It's not that we forgot about Irie Isle after giving it this award way back in 1998. It's just that, for no good reason, we hadn't been back to the nondescript strip mall it calls home. But Irie Isle is still there. Still funky. Still delicious. Remember that it's primarily designed for take-out, though a few tables are always available. Either way, you can't beat the prices ($3.95 for the jerk chicken lunch; dinner combos well under $10), and the succulent jerk preparations are still the best in town. But don't forget the goat, stew chicken, and fish offerings. Or the beans and sticky rice. And you should always pick up a few fresh beef patties (call ahead to see if veggie or chicken patties are available). Irie Isle may not win any awards for décor, but that's not why you come here anyway.

Irie Isle
It's not that we forgot about Irie Isle after giving it this award way back in 1998. It's just that, for no good reason, we hadn't been back to the nondescript strip mall it calls home. But Irie Isle is still there. Still funky. Still delicious. Remember that it's primarily designed for take-out, though a few tables are always available. Either way, you can't beat the prices ($3.95 for the jerk chicken lunch; dinner combos well under $10), and the succulent jerk preparations are still the best in town. But don't forget the goat, stew chicken, and fish offerings. Or the beans and sticky rice. And you should always pick up a few fresh beef patties (call ahead to see if veggie or chicken patties are available). Irie Isle may not win any awards for décor, but that's not why you come here anyway.

When this tiny bakery/café changed ownership last year, croissant connoisseurs mourned. How could the flaky French breakfast treats possibly remain Miami's most melt-in-your-mouth buttery? By retaining the same recipe, it turns out, as well as the same baker whose light touch for pastry handling -- and dense imported butter -- has always been responsible for the pastries' authentic Gallic goodness. In fact change has been, for once, for the better: Despite the shop's location in a predominantly Orthodox Jewish neighborhood, the newbie management doesn't close on Saturdays. Liberal new hours are every day, 7:00 a.m. to 4:00 p.m. (lunch served 10:30 a.m. to 3:00 p.m.). La Brioche now takes plastic, too -- all major cards, even minor majors like Carte Blanche, so you can acquire Frequent Flyer miles through your linked cards while you munch in mid-Beach. Next year (and next croissant) in Paris.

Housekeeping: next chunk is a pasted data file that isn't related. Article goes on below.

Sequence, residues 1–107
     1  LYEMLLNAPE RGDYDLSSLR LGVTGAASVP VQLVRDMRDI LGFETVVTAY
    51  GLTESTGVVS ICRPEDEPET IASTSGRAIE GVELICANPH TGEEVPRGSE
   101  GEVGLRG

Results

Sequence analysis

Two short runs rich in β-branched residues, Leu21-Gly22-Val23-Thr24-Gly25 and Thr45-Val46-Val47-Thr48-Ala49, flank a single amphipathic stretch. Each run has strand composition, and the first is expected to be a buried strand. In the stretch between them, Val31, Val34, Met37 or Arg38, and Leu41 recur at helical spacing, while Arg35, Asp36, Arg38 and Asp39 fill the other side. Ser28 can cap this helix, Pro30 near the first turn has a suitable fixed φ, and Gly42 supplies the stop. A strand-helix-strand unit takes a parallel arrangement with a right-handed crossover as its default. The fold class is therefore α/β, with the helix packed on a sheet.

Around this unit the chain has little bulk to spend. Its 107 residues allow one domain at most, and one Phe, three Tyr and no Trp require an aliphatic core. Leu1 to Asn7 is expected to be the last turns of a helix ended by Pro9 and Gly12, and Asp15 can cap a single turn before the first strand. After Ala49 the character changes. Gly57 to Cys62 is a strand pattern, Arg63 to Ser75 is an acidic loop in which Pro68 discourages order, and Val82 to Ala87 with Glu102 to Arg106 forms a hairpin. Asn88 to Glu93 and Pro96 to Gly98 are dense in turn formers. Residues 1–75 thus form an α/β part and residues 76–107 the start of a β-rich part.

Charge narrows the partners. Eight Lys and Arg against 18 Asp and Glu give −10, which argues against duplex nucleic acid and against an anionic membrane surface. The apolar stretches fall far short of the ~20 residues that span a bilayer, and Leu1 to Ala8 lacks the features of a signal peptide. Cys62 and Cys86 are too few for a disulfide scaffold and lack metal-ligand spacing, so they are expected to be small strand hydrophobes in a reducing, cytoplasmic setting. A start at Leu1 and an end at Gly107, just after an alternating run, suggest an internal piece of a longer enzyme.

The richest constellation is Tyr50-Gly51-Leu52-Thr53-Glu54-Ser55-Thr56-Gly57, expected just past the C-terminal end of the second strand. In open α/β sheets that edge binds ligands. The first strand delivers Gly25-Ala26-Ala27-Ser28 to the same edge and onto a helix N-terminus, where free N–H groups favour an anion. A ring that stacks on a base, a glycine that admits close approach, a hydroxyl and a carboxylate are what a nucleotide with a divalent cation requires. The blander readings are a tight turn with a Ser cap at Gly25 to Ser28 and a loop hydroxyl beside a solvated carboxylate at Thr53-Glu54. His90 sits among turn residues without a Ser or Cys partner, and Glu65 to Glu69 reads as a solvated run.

When this tiny bakery/café changed ownership last year, croissant connoisseurs mourned. How could the flaky French breakfast treats possibly remain Miami's most melt-in-your-mouth buttery? By retaining the same recipe, it turns out, as well as the same baker whose light touch for pastry handling -- and dense imported butter -- has always been responsible for the pastries' authentic Gallic goodness. In fact change has been, for once, for the better: Despite the shop's location in a predominantly Orthodox Jewish neighborhood, the newbie management doesn't close on Saturdays. Liberal new hours are every day, 7:00 a.m. to 4:00 p.m. (lunch served 10:30 a.m. to 3:00 p.m.). La Brioche now takes plastic, too -- all major cards, even minor majors like Carte Blanche, so you can acquire Frequent Flyer miles through your linked cards while you munch in mid-Beach. Next year (and next croissant) in Paris.

More bohemian hangout than formal restaurant, One Ninety is the sort of place you hope won't be ruined by too much exposure. So please don't bring your L.A. or New York friends here for Sunday brunch. Let's keep it in the family. The place already has an authentically homespun feel to it: funky-fun décor, a gallery component featuring the work of local artists, and live local bands. The Sunday spread begins with fresh-squeezed juice brought to your table by an attitude-free server. Then, after helping yourself to good strong coffee from the bar, proceed to the all-you-can-eat buffet. Dishes vary but typical choices include buttery-crusted artichoke/ crème fraîche tarts, a fabulously smooth carrot mousse, savory chicken salad, and tasty vegetable salads like a refreshing tomato, onion, and grain mix. (The dill-sprinkled, fresh-beet salad with Roquefort chunks could convert the most confirmed beet-hater.) There are also platters of various grilled or sautéed fresh veggies, scrumptious Southern-fried chicken, ribs that disappear within minutes after they hit the table, and desserts that'll make you wish you, like a cow, had two stomachs. Then your server returns with a menu of custom-cooked breakfast food -- eggs Florentine, strawberry pancakes, smoked-salmon omelets, huevos rancheros, and more -- from which diners can order any or all items. Whew! Price: $15.

Best Of Miami®

Best Of Miami®